EGYPT: Egypt's New President to Pick Woman, Christian VPs

Tuesday, June 26, 2012
CNN Wire Staff
Western Asia
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Egypt's first ever democratically elected president, Mohamed Morsi, will make history in another way: by appointing a woman as vice president, his policy adviser told CNN.

He will also choose another vice president who is Christian, Ahmed Deif said.

The news came as the man Morsi beat for the presidency, Ahmed Shafik, left Egypt on a trip to Abu Dhabi, and as Cairo's administrative court overturned a rule that allowed the military to arrest people without a warrant.

"For the first time in Egyptian history -- not just modern but in all Egyptian history -- a woman will take that position," Deif told CNN's Christiane Amanpour on Monday, referring to one of the vice presidency slots. "And it's not just a vice president who will represent a certain agenda and sect, but a vice president who is powerful and empowered, and will be taking care of critical advising within the presidential Cabinet."

Although Morsi has previously argued for banning women from the presidency, he said before the election that as president he would stand for women's rights.

"The role of women in Egyptian society is clear," Morsi told Amanpour through a translator weeks before the runoff election. "Women's rights are equal to men. Women have complete rights, just like men. There shouldn't be any kind of distinction between Egyptians except that is based on the constitution and the law."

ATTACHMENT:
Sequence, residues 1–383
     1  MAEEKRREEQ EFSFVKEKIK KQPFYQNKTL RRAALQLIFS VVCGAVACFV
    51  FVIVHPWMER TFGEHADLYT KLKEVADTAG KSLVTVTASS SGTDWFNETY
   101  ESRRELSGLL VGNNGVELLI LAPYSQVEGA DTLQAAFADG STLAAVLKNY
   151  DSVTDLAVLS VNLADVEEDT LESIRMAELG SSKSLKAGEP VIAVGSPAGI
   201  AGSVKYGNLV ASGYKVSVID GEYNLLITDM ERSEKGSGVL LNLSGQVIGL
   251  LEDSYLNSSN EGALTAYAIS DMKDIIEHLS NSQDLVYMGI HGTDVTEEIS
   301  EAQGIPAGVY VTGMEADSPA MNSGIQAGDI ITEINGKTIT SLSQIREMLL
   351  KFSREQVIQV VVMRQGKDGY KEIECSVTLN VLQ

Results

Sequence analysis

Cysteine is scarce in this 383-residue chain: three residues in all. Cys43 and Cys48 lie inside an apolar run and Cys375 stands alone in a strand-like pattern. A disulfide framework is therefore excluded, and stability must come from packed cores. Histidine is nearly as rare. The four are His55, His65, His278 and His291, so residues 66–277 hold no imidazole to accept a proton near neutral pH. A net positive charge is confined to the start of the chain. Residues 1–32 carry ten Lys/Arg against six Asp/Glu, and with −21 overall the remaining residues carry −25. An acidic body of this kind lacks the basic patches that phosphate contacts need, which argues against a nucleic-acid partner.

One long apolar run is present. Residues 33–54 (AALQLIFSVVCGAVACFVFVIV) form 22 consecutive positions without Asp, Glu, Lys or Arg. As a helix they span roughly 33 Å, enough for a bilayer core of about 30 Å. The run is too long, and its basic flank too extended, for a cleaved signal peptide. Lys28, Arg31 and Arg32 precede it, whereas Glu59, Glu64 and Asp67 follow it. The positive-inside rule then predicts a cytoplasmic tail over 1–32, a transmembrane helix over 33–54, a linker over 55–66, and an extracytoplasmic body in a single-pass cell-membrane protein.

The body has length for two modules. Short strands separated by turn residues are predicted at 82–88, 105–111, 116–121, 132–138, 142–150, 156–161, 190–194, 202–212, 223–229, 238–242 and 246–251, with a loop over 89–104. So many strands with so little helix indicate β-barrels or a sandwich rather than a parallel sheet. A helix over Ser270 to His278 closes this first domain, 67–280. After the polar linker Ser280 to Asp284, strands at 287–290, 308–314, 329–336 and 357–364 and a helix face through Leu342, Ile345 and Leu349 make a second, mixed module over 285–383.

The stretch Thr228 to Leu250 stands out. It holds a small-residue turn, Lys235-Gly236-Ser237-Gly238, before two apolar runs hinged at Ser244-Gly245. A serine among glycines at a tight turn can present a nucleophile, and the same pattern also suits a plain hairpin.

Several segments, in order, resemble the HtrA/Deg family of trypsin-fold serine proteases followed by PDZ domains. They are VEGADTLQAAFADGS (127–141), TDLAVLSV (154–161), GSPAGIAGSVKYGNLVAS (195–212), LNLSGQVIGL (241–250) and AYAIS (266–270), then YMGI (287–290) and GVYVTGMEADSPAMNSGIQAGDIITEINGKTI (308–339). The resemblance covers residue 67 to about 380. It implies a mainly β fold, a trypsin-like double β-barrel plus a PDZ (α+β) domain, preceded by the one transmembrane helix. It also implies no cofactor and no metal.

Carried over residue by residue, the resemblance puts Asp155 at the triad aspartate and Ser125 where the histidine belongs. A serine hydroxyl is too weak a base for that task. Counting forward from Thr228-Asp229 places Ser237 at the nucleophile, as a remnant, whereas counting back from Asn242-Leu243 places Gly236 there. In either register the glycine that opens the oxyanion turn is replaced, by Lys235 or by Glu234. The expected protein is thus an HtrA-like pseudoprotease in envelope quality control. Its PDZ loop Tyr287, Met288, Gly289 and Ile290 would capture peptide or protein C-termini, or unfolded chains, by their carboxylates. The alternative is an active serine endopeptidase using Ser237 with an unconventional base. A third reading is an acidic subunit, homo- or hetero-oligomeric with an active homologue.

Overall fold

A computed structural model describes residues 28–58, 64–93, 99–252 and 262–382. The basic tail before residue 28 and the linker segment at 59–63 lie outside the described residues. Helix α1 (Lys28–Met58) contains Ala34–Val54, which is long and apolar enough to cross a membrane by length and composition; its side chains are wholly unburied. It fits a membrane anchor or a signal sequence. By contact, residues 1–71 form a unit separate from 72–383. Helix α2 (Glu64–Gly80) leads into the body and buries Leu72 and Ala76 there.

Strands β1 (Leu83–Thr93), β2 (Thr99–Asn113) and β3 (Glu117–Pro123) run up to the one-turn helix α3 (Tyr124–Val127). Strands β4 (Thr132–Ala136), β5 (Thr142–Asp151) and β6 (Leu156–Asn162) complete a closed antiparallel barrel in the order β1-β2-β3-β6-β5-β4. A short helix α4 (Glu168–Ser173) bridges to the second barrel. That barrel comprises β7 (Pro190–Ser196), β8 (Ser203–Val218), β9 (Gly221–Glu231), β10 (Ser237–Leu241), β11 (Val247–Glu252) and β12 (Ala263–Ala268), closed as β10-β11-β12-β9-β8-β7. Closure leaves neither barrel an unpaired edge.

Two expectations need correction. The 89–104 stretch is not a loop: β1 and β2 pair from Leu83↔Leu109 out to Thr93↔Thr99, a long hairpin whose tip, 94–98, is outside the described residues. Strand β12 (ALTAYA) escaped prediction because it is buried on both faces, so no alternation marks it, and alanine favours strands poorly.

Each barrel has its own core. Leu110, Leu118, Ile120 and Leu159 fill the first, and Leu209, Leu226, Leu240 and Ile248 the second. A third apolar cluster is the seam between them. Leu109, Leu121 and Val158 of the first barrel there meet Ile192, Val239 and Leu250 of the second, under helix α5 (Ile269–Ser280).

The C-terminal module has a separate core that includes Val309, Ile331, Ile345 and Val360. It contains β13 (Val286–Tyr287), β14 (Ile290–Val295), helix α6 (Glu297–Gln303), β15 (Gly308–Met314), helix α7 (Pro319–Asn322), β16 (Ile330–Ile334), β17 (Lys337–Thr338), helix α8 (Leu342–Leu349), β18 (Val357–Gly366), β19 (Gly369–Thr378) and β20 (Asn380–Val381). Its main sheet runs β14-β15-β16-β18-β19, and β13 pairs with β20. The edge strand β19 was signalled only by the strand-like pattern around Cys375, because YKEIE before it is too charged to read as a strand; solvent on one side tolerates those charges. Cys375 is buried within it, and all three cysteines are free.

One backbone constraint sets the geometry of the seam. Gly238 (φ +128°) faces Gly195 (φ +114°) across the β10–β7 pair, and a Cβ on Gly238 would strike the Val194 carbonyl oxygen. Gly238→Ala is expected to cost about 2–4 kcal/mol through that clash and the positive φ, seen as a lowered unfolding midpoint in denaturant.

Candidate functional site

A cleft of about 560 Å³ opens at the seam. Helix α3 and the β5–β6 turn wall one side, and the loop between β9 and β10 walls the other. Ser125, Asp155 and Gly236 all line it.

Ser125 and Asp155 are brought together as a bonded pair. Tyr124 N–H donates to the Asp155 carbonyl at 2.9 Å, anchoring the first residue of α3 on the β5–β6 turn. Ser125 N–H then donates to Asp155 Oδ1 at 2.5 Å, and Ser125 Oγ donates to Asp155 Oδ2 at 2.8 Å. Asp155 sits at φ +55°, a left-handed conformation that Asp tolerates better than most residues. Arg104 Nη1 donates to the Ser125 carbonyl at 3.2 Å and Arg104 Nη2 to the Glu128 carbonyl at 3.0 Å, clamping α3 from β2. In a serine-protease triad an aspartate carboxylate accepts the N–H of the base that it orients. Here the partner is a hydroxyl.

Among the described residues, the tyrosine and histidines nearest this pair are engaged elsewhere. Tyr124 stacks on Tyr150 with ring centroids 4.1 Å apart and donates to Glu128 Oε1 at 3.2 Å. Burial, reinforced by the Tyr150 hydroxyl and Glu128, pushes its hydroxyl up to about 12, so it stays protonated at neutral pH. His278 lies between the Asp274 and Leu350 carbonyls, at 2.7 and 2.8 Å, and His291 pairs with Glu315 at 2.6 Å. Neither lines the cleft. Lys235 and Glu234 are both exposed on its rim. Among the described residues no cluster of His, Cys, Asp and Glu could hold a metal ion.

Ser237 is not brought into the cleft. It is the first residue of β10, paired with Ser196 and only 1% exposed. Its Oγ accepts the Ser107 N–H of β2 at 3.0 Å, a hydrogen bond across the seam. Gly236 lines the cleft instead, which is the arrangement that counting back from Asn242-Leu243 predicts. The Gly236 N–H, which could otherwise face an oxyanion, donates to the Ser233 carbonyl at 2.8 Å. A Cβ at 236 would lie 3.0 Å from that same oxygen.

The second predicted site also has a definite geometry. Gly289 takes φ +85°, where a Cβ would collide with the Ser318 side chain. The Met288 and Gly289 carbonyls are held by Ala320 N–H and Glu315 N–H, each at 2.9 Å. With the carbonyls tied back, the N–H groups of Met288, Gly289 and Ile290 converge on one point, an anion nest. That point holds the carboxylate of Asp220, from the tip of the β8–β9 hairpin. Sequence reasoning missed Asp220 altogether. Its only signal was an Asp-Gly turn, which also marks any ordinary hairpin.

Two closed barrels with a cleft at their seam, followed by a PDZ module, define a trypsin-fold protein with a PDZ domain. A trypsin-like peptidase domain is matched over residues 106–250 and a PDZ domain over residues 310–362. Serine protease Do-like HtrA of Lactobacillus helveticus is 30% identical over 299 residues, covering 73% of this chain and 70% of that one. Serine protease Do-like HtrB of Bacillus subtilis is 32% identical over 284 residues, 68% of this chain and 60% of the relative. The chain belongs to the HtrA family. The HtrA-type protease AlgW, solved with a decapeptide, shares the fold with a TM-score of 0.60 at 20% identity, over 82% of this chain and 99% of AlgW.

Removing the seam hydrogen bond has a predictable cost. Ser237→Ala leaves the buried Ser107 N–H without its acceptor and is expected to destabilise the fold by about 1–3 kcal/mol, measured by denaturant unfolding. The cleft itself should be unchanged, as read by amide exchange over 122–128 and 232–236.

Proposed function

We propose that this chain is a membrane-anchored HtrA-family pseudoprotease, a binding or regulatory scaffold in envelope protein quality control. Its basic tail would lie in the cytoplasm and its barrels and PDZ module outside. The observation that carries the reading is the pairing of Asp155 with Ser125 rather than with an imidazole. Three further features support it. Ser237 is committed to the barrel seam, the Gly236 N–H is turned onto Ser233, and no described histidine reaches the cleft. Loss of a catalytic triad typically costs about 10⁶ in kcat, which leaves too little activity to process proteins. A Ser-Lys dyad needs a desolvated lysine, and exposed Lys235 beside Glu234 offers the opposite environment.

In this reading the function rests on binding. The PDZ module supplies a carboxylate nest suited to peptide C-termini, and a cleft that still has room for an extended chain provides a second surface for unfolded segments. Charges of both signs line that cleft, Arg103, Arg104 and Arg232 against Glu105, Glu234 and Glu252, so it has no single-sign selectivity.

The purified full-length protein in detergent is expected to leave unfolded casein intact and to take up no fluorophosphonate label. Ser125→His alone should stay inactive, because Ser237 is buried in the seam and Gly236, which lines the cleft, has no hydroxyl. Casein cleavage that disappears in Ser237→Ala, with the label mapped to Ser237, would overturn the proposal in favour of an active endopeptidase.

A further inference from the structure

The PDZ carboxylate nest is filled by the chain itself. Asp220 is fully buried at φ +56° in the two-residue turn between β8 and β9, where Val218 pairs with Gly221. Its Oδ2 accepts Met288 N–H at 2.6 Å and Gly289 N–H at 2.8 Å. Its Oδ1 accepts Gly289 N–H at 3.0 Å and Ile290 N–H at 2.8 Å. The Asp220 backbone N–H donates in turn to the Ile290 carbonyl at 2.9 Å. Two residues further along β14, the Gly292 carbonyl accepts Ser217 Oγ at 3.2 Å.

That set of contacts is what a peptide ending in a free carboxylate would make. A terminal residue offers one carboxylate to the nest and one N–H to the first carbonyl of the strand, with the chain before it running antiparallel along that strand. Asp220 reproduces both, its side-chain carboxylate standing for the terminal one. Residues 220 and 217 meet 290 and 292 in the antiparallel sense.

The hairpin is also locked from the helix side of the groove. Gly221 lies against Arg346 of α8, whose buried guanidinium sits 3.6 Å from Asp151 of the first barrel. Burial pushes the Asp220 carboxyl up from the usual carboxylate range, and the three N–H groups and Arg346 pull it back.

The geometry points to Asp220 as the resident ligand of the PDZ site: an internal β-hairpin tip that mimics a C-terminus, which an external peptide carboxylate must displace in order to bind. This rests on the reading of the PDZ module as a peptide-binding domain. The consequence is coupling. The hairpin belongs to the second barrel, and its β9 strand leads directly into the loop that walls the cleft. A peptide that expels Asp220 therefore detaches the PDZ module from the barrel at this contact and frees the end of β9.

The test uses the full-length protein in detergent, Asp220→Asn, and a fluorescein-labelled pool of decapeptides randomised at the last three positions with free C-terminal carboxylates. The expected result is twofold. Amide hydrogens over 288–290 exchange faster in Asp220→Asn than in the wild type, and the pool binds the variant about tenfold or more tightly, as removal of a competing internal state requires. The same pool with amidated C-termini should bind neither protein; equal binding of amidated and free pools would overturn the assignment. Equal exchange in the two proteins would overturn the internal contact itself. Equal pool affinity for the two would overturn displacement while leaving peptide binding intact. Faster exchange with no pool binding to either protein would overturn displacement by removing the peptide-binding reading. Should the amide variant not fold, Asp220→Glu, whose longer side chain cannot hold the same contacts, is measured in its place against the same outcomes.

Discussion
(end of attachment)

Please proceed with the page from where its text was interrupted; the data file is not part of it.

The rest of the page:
The Islamist figure, a Muslim Brotherhood leader, also promised to ensure rights of minorities.

Egypt "definitely" will not be an "Islamic Republic," Deif said Monday.

Morsi moved into his offices Monday, said Jihad Haddad, an adviser to the transition team. He began the work of assembling a new government -- one of the tasks he maintains the power to do after the military junta running the country recently slashed the presidency's reach.

The process of picking people to serve in the Cabinet will take time and "won't end in a day," Haddad said.

Shafik, who lost in the runoff election to Morsi, left the country Tuesday for the United Arab Emirates, his attorney and a Cairo airport official said. He traveled to Abu Dhabi, Cairo airport official Mohamed Sultan said. He is not fleeing the country, Shafik's attorney, Showee Elsayed, told CNN.

While some legal petitions accusing Shafik of corruption were submitted in April, prosecutors have not taken legal action on them, so "there are absolutely no legal cases pending against" him, Elsayed said.

Shafik was the final prime minister to serve under ousted President Hosni Mubarak.

Shafik's office said Tuesday he "will establish a new political party upon his return from the UAE and Saudi Arabia where he is on private visits."

He and his two daughters will be performing Umra, an Islamic religious pilgrimage to Mecca.

Meanwhile, Cairo's administrative court, which hears civilian complaints against the government, rejected a controversial rule Tuesday that the ministry of justice had established before the election. The rule stated that military personnel and intelligence forces could arrest civilians without a warrant.

Fourteen legal complaints were filed about the rule by various people and groups, including the Muslim Brotherhood. The right to arrest civilians was previously reserved for police officers, the state-run Ahram news agency reported.